If you’ve been following along for a while, then you may recognize Glenys Nellist’s name, as we tend to really enjoy her books. Her ‘Twas the Evening of Christmas, Good News! It’s Easter!, and Snuggle Time Fall Blessings have made our lists of holiday and seasonal picks, and I think The Wonder That is You is a terrific addition to your baby shower gift rotation. So, I immediately said “yes” when Glenys asked me if I’d be willing to help promote her two newest books, Good News! God Made Me! and Good News! It’s Christmas! Keep reading for my thoughts on both of these books, as well as information about a giveaway for a copy of Good News! God Made Me! Continue reading “Two New “Good News!” Books by Glenys Nellist, and an Instagram Giveaway!”

National Diversity Day and Three New Mirrors in Children’s Books

National Diversity Day and Three New Mirrors in Children’s Books

Today, October 4, 2019, is National Diversity Day, a day established in 2005 “to celebrate and embrace who we are, despite our differences… A day to reflect on and learn about different cultures and ideologies. A day to vow acceptance and tolerance…” (from the National Diversity Day website). Fifteen years before that, almost 30 years ago today, Rudine Sims Bishop wisely challenged diversity and representation in children’s literature, giving us the ideas of books as windows, sliding glass doors, and mirrors. She wrote: 

“Books are sometimes windows, offering views of worlds that may be real or imagined, familiar or strange. These windows are also sliding glass doors, and readers have only to walk through in imagination to become part of whatever world has been created and recreated by the author. When lighting conditions are just right, however, a window can also be a mirror. Literature transforms human experience and reflects it back to us, and in that reflection we can see our own lives and experiences as part of the larger human experience. Reading, then, becomes a means of self-affirmation, and readers often seek their mirrors in books.” (Rudine Sims Bishop, 1990, quoted from the National Council of Teachers of English)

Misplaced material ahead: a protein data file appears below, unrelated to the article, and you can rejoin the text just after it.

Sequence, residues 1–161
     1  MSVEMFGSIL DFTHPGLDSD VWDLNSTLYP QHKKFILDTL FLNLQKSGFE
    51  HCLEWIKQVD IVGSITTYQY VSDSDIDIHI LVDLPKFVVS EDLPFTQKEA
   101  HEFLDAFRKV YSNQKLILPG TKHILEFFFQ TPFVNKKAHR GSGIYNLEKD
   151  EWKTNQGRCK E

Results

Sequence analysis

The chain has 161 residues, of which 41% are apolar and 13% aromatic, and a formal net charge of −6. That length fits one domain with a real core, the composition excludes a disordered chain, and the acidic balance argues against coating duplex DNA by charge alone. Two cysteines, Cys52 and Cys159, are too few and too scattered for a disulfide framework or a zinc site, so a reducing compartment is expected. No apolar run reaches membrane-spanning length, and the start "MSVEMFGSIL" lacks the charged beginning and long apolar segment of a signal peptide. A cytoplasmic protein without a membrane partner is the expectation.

To honor both National Diversity Day and the emergence of more mirrors for more Americans, I bring you three important recent publications for children: The Proudest Blue by Ibtihaj Muhammad and S. K. Ali, Under My Hijab by Hena Khan, and Mommy’s Khimar by Jamilah Thompkins-Bigelow. Continue reading “National Diversity Day and Three New Mirrors in Children’s Books”

Where Are You From? by Yamile Saied Méndez

Where Are You From? by Yamile Saied Méndez

“Where are you from?” is a question we’ve all likely asked and been asked. Even knowing that it can be a tricky question to answer (I mean, I tend to answer with where I was born and spent my childhood, but I’ve now lived away from there longer than I lived there…), I still ask people anyway. And the question often has a good intent behind it– we yearn to learn more about the people around us, to learn their histories and how it has made them who they are today. But sometimes, the question is asked for more surface-level reasons, because the recipient looks or sounds different, as if he or she “doesn’t belong.” Where Are You From? by Yamile Saied Méndez, illustrated by Jaime Kim, provides children with a wonderful context with which to answer this question. Continue reading “Where Are You From? by Yamile Saied Méndez”